October 30, 2011

Shalit, Terrorism & Legal Accountability

Over at It's Complicated there's reference to a post by Roee Ruttenberg at +972 Magazine that is a bit unusual.  Ruttenberg writes about some of released Palestinian prisoners from Israeli jails in exchange for Gilad Shalit, and says:
Some of the families of foreign-national or dual-national victims killed in these attacks could take their cases to their respective national courts and governments. A Palestinian prisoner like Ahlam Tamimi, one of the 27 woman being released, is being “exiled” to Jordan. Having been involved in an attack that left American and Dutch nationals dead, should could face extradition charges. Even if the Israeli Prime Minister signs a deal for their exchange, and the Israeli President official pardons them, does that hinder the rights of other leaders around the world to pursue them?
Israel may have had no choice but to let them go, but other countries might find it difficult to do the same, particularly if they have no soldiers being held by Palestinian groups, and even more so if they begin facing political pressure to pursue justice on behalf of their slain nationals.
To my thinking, jurisdiction might arguably extend beyond particular states to the ICC, or universally, if the states where they are found are parties and unwilling or unable to prosecute for war crimes or crimes against humanity.  And since the Palestinian Authority has even filed a Declaration recognizing the Jurisdiction of the International Criminal Court, and also seems obliged to prosecute if requested.

Although welcomed home as heroes, ALL of these people are convicts, guilty of crime.  Some have committed offenses that fall within the Rome Statute.

An organization that currently seeks such accountability is Shurat HaDin—Israel Law Center, an Israeli based civil rights organization that litigates around the world for the rights of terror victims.

In late 2009, Shurat HaDin filed a petition to the High Court of Justice in Jerusalem demanding that terrorists who fire rockets into Israel be tried for war crimes and crimes against humanity.  The Fourth Geneva Convention, as well as the Hague Convention and other international treaties, stipulate that deliberate targeting of civilians in the context of an armed conflict is a war crime, while deliberate and systemic assault against a particular civilian population constitutes a crime against humanity.  Conviction in these cases would carry a sentence without possibility of pardon or early release and include ineligibility to be freed in large scale prisoner exchanges.

Shurat HaDin follows the model pioneered by the Southern Poverty Law Center—a non-profit legal center that over the last four decades has successfully confronted and shut down racist groups across America. It generally "seeks to bankrupt the terror groups and grind their criminal activities to a halt - one lawsuit at a time." The flow of money to terrorists is their most important pre-occupation and their greatest vulnerability.

According to its web site, Shurat HaDin, using private civil suits, has obtained over $1 billion in judgments against terror organizations and state sponsors and $600 million in assets frozen. This compares with about $140 million frozen as a result of U.S. government action during the same time frame. It has also recovered over $72 million that went directly to the victims and their families, many of whom lost not only loved ones, but the basis of their livelihood.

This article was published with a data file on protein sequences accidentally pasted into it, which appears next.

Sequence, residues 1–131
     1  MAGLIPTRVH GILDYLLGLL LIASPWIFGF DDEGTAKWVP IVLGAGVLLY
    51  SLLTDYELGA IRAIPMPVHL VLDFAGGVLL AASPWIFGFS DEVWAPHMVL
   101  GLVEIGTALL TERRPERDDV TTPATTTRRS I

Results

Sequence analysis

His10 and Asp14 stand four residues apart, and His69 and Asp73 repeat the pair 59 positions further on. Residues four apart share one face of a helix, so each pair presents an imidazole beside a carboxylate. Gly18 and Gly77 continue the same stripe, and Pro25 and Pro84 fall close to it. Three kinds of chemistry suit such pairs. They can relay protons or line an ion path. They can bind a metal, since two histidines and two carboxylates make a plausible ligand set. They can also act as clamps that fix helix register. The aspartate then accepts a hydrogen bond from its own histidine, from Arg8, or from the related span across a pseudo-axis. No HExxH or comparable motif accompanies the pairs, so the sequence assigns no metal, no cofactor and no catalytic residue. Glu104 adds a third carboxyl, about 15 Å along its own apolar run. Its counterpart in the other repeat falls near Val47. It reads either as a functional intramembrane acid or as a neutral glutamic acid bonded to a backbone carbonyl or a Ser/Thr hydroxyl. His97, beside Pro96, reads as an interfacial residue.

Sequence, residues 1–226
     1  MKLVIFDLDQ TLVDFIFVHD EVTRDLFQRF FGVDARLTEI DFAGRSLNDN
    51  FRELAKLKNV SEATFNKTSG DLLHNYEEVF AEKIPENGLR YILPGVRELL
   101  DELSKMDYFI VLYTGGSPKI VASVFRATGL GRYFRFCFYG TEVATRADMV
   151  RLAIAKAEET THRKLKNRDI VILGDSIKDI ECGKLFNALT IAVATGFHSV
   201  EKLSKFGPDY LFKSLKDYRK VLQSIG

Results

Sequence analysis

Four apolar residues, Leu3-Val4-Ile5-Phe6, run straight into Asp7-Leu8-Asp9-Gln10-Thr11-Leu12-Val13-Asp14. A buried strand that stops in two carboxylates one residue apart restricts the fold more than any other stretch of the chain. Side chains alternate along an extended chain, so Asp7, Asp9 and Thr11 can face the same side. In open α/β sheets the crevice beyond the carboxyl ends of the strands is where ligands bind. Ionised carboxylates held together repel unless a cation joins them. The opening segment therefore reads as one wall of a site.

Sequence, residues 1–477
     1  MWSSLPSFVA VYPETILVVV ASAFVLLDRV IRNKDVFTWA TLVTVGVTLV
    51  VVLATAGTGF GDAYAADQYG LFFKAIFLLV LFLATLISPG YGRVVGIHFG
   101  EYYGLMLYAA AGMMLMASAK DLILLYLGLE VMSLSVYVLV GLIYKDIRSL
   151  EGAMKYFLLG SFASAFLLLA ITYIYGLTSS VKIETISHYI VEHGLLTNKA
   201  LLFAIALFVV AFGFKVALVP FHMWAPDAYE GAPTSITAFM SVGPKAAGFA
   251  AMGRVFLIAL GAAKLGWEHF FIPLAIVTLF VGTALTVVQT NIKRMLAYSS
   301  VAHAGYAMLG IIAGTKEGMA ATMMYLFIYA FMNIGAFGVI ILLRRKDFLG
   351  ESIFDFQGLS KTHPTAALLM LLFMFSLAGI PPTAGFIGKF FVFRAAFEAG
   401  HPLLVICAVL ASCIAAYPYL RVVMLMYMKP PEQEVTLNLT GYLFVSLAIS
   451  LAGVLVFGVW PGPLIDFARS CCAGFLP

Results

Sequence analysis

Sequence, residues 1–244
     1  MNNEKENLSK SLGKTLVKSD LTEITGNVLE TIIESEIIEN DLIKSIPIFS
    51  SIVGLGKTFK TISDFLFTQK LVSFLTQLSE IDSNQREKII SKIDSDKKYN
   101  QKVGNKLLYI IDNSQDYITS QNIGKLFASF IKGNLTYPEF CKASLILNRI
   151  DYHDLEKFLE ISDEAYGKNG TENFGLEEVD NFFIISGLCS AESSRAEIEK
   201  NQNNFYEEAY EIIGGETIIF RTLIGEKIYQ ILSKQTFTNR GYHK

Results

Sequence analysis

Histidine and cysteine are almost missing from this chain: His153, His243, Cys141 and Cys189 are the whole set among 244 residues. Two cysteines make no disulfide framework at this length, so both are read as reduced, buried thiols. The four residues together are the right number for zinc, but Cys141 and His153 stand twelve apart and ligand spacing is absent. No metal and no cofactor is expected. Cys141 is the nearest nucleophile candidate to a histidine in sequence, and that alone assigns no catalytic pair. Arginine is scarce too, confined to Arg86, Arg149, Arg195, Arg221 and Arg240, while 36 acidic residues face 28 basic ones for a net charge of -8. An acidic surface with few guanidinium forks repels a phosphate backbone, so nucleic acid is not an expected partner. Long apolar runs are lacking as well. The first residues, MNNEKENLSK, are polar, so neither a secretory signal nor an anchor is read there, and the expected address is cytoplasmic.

The Universal Declaration of Human Rights, Article 8, provides:
Everyone has the right to an effective remedy by the competent national tribunals for acts violating the fundamental rights granted him by the constitution or by law.
Article 2 to the International Covenant on Civil and Political Rights says in pertinent part:
3. Each State Party to the present Covenant undertakes:
(a) To ensure that any person whose rights or freedoms as herein recognized are violated shall have an effective remedy, notwithstanding that the violation has been committed by persons acting in an official capacity;
(b) To ensure that any person claiming such a remedy shall have his right thereto determined by competent judicial, administrative or legislative authorities, or by any other competent authority provided for by the legal system of the State, and to develop the possibilities of judicial remedy;
(c) To ensure that the competent authorities shall enforce such remedies when granted.
Other states and parties should be unencumbered to to seek appropriate criminal and civil penalties.  The release by Israel should have no effect whatsoever, and Israel should freely provide evidence gathered in the investigation of these matters, particularly those involving core international crimes.  Or is it preferable to promote impunity and deny victims justice?

Kudos to Shurat HaDin, for using "lawfare" in a positive way against those who commit violent acts against civilians with intent to harm and terrorize as the objective.

I wonder if this is something the activist Left could support?


  1. I doubt the left would support this. dKos members CELEBRATED with the terrorist's families at their release.

  2. Wishful thinking on my part, of course, but the purpose here is not only to put forth the idea, but expose the double standards by which the "true" Leftists (who crow) operate.